6 safety certifications all industrial businesses should have
Optional industrial safety certifications can help improve workplace safety and preparedness – and communicate the fact that a company goes above and beyond to keep their employees safe. Here are six safety certifications that industrial businesses should strongly consider getting.
1. The American Heart Association's Heartsaver Bloodborne Pathogens certification
This is a course that the American Heart Association (AHA) offers for people who have a reasonably high chance of coming in contact with blood during their professions. It's useful for at least a few people at an industrial business to have due to the hazards that blood could contain for people who don't know how to deal with it safely.
Students learn things such as how to use personal protective equipment, the correct way to clean blood from an area and how to notify supervisors of an event that causes potential exposure to bloodborne pathogens. After course completion, learners receive a two-year certification in the subject.
Moreover, the AHA offers an online course, or people can purchase materials to teach the topic in a class.
2. The Board of Certified Safety Professionals' Safety Trained Supervisor certification
This is a course intended for leaders at any level of an organization who have safety-related duties that are directly or indirectly part of their jobs.
The prerequisites for this certification are that the person must have gone through at least 30 total hours of safety/health training. Moreover, they need either two years of experience as a supervisor, or four years of work experience in their industry, gained through employment consisting of at least 18 hours per week.
Then, to earn the certification, a person must pass a 100-question, closed-book exam. Each multiple-choice question has four possible responses, and only one correct answer.
Recertification takes place every five years and happens when candidates show evidence of taking a sufficient number of credit hours of safety courses to keep their knowledge current.
3. The ISO 45001 Standard certification
ISO 45001 is an internationally recognized standard companies for companies to meet ad show that management takes a top-down approach to maintain a safety culture. More specifically, the certification relates to the management systems for occupational health and safety.
It requires introspection and evaluation so that a company can determine where it currently stands regarding its safety practices. Candidates must also do an in-depth examination of things like emergency preparedness responses and hazard identification. Unlike the other courses here that are for individuals, a firm's members work together to get certified.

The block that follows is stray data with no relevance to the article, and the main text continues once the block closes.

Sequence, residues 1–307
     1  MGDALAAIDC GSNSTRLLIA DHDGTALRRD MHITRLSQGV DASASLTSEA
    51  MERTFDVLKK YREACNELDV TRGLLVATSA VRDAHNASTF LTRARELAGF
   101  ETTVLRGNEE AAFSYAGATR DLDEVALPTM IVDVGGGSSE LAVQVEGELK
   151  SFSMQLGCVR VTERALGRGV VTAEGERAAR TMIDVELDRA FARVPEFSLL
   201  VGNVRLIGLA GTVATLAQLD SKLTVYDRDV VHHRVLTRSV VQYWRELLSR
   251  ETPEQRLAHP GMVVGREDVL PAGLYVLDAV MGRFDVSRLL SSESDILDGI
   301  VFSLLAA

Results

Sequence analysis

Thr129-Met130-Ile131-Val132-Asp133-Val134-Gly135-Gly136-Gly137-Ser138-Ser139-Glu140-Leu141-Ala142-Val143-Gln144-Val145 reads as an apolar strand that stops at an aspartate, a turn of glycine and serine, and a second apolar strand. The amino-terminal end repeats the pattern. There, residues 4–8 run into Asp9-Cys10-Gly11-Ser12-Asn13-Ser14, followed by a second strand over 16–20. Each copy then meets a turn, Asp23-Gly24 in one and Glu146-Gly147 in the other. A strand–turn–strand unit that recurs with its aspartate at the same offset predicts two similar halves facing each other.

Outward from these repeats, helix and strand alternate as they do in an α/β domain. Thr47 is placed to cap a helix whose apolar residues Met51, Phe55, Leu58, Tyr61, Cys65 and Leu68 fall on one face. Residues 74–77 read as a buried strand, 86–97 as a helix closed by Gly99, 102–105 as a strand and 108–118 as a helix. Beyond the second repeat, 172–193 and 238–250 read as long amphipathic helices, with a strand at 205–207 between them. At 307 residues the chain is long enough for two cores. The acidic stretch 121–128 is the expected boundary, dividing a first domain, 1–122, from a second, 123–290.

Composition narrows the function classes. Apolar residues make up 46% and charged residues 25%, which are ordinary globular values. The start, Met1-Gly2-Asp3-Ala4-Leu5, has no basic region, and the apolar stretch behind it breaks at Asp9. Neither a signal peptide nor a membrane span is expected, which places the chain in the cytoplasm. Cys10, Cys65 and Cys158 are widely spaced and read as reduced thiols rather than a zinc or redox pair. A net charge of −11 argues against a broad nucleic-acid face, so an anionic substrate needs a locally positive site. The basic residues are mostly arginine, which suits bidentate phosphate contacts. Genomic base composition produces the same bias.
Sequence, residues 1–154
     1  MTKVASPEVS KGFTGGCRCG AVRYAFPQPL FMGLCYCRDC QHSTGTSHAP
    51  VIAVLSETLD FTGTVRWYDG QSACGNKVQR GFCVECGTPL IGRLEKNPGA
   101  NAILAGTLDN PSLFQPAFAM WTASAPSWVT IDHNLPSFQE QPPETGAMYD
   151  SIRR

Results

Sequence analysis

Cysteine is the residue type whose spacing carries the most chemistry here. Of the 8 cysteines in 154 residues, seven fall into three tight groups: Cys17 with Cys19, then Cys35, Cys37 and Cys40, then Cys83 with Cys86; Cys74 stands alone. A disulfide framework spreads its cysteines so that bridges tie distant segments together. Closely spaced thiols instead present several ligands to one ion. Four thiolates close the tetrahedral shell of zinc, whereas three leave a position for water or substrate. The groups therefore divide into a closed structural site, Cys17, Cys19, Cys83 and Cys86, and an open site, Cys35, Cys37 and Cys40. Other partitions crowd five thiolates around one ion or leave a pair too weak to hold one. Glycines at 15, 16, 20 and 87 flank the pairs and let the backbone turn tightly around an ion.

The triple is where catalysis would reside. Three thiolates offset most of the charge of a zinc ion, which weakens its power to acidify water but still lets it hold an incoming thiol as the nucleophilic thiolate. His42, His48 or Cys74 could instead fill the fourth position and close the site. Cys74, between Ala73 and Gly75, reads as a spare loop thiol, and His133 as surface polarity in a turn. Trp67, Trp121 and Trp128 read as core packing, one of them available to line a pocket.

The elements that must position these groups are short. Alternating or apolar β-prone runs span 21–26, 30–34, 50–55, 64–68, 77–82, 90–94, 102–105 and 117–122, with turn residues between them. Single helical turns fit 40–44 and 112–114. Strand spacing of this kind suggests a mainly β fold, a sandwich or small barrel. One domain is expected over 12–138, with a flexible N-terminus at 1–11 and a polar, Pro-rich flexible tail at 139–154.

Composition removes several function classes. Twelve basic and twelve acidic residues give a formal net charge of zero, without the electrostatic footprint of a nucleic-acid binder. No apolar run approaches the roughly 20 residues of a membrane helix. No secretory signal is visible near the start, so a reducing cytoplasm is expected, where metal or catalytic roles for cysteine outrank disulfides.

4. The National Association of Safety Professionals' Certified Safety Manager option
This is an excellent solution for anyone involved in high-level safety enforcement at a company who wants to dive into the subject matter through an in-depth educational experience. People must complete 30 hours of training that teaches them how to create an implement safety procedures and safety programs at their companies.
Some of the matters covered in the content include avoiding civil and criminal liabilities, understanding regulations and eliminating workplace injuries.
People do not need to fulfill prerequisites before enrolling for certification, but it's helpful for them to have a fundamental understanding of workplace safety. Additionally, after receiving their certificates, participants can teach some of the courses the National Association of Safety Professionals offers.
5. OSHA's Fall Protection course
According to OSHA, falls are the number-one reason for construction industry fatalities. And, falls are risks for any industrial business to consider whenever workers complete tasks at a height or encounter slippery surfaces.
OSHA has a Fall Protection course, known officially as OSHA #3115. Interested parties can look for it taught at community colleges and other local facilities.
It's an 18-hour course, and students learn things such as how to use and inspect fall protection equipment. Creating a fall prevention program in the workplace is also covered. That's a crucial responsibility for companies to handle that could safeguard workers and keep the workforce productive.
6. The National Safety's Council's Advanced Safety Certificate
People enrolled in this course finish 12 days of training. The curriculum encompasses both 4-day courses and classes that last only one day. After finishing a mandatory 4-day course called Principles of Occupational and Health participants choose from an available assortment of topics and ensure that the timeframes meet the 12-day minimum.
Another thing to note is that people have a 5-year window to complete their training days. That could be helpful for people who are interested in pursuing career development but have exceptionally busy schedules.
Showing a commitment to safety
These six certifications could help companies and the employees that work for them show that they take safety seriously.
Then, the public, as well as prospective employees, is more likely to perceive the company as one that makes workplace safety a priority rather than an afterthought.